Tuesday, September 17, 2013
New U.S. TV Season May Be Doomed
Check out the semi-brilliant article in this week's New York Magazine about the new incoming American TV season.
I've been viewing most of the new pilots and all I can say is there isn't much out there to excite any one.
But Josef Adalian's article "On The Eve Of A New Season, Network Execs Fear A Premiere Week Ratings Disaster" has set alarm bells ringing in the Manhattan sky scrapers.
Adalian forcibly argues that the safe, secure days of network fall launches are a thing of the past what with the advent of DVDs, cable hits and the Internet.
And I happen to think he's right.
Last season ratings were down by as much as one quarter at some of the old line networks. NBC's plunge was so precipitous there are doubts the peacock proud network can ever come back.
Already NBC's Million Second Quiz and the return of Fox's The X Factor have opened to disastrously low ratings.
Every season more viewers are figuring out they no longer have to stick with network schedules. They can program their own faves and watch when they feel like it.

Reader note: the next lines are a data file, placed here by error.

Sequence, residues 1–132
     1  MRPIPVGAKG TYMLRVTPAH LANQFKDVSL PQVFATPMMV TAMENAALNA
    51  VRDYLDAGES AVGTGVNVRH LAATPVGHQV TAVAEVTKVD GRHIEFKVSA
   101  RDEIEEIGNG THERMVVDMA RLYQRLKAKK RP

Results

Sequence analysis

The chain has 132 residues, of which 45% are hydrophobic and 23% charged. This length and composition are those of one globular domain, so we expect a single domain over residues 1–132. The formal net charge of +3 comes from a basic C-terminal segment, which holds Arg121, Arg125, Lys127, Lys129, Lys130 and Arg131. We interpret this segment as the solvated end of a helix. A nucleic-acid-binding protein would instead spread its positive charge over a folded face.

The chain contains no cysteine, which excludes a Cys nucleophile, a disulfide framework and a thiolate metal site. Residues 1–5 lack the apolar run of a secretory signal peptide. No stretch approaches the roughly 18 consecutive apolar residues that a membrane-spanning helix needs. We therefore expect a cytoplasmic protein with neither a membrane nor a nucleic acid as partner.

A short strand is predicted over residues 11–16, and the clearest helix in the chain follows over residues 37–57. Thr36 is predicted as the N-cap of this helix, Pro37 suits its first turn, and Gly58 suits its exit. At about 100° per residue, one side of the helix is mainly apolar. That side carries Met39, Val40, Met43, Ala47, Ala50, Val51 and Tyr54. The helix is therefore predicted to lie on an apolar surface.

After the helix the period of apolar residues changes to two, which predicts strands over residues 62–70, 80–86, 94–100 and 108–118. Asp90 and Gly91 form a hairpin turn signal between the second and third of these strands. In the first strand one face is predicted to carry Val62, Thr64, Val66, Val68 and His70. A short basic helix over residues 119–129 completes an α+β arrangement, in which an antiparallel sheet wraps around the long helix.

And Adalian makes the point the overnight Nielsen ratings no longer can tell who is watching --it may take weeks for all the figures to be compiled.
When I started out as TV critic of The Spectator a mere 43 years ago it was all so simple. I worked in a 10-channel universe.
NBC would have a hit like Seinfeld and viewers stayed glued to NBC for the night even sticking with such dogs as Suddenly Susan.
Now viewers are all over the map and ditching mediocre series like crazy.
Canadian networks have wound up buying practically every American series for big bucks and ignoring their Canadian content responsibilities.
Unless they switch to more quality Canadian fare they could wind up as the TV season's biggest losers.
In the new TV world content will be king.
So let the 2013 TV season begin and be on the lookout for shows quickly crashing and burning.
It's going to be one mean, nasty shoot out I'm predicting with the very existence of some networks on the line.